What Stan was talking about was this whole Master Plan process - where we want these new buildings so we can be a better school, but the community won't let it happen and what was supposed to get done in 1979 is still in this ridiculous waiting process. My point was just that this time of anticipation is hard - when there's alot of frustration and angst and anxiety and stuff [and now i feel like i'm making it worse rather than helping at all - by putting it this way] but when you're looking back on it from heaven, things will look different - the question is, from that perspective, will you know you handled it the way you should have - with patience and perseverence and everything. It just seems to me that looking at it that way eases some of that anxiety cause it takes you out of the pain of the moment itself by realizing its part of who you're supposed to be and how you're supposed to get where you belong - in other words, that in that moment, you are in God's hands. I love Switchfoots line "if its in my head, its in your hands" - that just gets me every time. Does that make any more sense?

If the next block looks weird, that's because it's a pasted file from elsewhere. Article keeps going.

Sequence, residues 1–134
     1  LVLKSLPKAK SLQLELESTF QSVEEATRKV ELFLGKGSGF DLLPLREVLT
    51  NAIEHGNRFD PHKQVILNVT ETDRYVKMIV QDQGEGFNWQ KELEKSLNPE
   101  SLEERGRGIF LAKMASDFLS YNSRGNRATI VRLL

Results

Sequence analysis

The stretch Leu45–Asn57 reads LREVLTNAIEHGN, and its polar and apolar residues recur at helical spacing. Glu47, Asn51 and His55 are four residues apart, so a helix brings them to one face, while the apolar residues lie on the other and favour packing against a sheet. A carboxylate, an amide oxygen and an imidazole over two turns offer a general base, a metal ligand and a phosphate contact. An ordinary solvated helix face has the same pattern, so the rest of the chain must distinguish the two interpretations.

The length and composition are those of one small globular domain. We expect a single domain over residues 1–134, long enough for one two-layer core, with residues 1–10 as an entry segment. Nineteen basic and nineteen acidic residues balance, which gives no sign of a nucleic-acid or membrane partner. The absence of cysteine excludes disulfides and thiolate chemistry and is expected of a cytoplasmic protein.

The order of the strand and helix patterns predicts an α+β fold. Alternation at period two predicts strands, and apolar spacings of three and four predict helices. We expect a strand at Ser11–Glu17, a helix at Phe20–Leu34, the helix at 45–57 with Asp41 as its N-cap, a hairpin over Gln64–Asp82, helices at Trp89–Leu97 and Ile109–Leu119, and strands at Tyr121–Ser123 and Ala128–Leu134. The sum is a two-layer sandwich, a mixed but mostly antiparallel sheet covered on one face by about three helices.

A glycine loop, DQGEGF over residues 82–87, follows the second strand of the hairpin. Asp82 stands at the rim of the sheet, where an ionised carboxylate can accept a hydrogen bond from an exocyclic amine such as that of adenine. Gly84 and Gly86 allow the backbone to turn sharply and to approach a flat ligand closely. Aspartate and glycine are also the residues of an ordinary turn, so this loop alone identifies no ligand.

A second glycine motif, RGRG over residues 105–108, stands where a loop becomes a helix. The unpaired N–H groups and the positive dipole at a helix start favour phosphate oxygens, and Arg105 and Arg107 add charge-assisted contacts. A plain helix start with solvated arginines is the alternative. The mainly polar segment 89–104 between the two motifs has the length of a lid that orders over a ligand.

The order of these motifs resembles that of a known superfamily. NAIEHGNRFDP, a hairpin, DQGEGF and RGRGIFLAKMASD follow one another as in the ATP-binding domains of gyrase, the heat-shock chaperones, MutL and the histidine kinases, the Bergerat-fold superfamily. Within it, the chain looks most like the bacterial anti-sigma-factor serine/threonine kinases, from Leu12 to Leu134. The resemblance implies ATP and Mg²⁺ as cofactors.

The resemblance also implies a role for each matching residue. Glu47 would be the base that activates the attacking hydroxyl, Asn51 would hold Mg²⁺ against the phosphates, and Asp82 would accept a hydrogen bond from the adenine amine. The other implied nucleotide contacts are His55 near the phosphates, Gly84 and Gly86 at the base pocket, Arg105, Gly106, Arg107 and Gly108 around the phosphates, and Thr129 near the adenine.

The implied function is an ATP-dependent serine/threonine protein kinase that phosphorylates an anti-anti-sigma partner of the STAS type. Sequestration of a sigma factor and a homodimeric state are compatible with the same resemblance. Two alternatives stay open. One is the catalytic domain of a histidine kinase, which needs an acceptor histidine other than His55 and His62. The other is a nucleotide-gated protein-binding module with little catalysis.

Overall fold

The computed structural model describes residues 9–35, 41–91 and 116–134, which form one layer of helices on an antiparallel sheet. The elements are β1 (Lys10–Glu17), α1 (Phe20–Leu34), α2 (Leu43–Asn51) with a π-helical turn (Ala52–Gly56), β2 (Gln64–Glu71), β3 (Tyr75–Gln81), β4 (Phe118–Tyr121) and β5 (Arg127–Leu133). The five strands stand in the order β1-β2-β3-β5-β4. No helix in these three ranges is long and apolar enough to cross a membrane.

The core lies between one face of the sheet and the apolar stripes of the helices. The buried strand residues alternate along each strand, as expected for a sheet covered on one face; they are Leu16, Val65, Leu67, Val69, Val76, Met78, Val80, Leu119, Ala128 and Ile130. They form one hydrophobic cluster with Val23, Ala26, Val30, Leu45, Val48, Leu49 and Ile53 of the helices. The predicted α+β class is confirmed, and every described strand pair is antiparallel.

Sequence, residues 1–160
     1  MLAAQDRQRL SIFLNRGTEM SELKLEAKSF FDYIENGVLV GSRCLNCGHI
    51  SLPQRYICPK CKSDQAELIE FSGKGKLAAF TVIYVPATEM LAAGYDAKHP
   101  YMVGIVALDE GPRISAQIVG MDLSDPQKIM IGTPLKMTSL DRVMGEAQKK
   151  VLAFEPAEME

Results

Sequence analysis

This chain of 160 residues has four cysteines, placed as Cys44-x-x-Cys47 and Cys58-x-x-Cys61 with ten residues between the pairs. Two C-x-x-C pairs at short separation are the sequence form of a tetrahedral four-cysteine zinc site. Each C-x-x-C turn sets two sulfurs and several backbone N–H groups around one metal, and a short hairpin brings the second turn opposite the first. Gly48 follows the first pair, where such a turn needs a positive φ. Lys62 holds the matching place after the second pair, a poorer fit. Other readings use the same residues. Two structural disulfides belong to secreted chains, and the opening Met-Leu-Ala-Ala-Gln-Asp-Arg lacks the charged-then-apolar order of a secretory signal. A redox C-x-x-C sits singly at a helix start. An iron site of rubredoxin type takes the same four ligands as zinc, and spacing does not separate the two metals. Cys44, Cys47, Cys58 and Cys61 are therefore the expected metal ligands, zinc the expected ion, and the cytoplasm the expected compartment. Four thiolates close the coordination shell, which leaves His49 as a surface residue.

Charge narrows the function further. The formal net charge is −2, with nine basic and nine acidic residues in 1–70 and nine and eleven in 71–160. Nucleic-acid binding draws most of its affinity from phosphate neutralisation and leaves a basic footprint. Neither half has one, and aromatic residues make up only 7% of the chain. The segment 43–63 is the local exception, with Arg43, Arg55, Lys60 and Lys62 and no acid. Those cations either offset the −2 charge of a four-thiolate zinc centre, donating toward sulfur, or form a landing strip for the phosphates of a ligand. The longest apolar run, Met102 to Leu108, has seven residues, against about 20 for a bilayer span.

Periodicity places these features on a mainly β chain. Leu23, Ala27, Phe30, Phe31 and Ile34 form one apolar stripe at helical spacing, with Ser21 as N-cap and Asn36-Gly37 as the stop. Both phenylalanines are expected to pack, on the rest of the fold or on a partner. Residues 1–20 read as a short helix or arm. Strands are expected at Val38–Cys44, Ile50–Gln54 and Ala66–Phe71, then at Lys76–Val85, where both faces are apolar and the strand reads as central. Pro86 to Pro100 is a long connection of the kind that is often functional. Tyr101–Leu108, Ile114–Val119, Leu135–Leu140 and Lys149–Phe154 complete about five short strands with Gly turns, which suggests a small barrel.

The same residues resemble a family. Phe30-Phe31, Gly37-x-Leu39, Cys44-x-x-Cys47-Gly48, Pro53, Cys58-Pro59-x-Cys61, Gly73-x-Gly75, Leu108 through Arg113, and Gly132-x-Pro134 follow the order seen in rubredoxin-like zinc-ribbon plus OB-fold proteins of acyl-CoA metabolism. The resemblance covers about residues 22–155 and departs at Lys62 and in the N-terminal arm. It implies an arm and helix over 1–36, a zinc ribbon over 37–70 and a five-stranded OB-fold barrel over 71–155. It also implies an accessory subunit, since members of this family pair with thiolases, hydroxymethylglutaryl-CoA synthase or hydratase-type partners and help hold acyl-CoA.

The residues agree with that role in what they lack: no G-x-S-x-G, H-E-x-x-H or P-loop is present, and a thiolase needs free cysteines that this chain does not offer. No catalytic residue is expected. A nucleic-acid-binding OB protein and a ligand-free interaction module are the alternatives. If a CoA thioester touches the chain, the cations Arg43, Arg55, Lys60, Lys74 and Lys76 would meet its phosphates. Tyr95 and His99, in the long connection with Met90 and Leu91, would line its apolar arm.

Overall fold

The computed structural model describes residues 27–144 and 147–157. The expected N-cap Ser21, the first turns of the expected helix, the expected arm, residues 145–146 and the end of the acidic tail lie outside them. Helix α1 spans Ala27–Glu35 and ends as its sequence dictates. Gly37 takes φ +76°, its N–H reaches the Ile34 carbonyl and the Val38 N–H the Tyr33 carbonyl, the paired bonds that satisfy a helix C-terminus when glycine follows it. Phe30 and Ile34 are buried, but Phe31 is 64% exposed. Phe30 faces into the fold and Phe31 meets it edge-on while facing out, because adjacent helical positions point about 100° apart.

I gotta run to staff chapel.
LOVE YOU!!!
Zoe faith






10/7/2004 






hey you,
here's what she means... :)
mlr
Quoting eboyd@westmont.edu:

Manny, did you know that there’s an entire city filled with monkeys here in Spain?  It’s true, there is.  Its called Gibraltar and I very much want to go there.

Also, Zoe told me that her parents are coming this weekend, and I just wanted to let you know that I’ll be praying for you a lot! I’m also so glad that God has blessed my roommate with such a cool boyfriend (that’s you ;) ) and I’ll be praying that He’ll be with you as you move forward in that relationship.
Love you lots!
 Emily 

Friday, February 17, 2012

I just might make it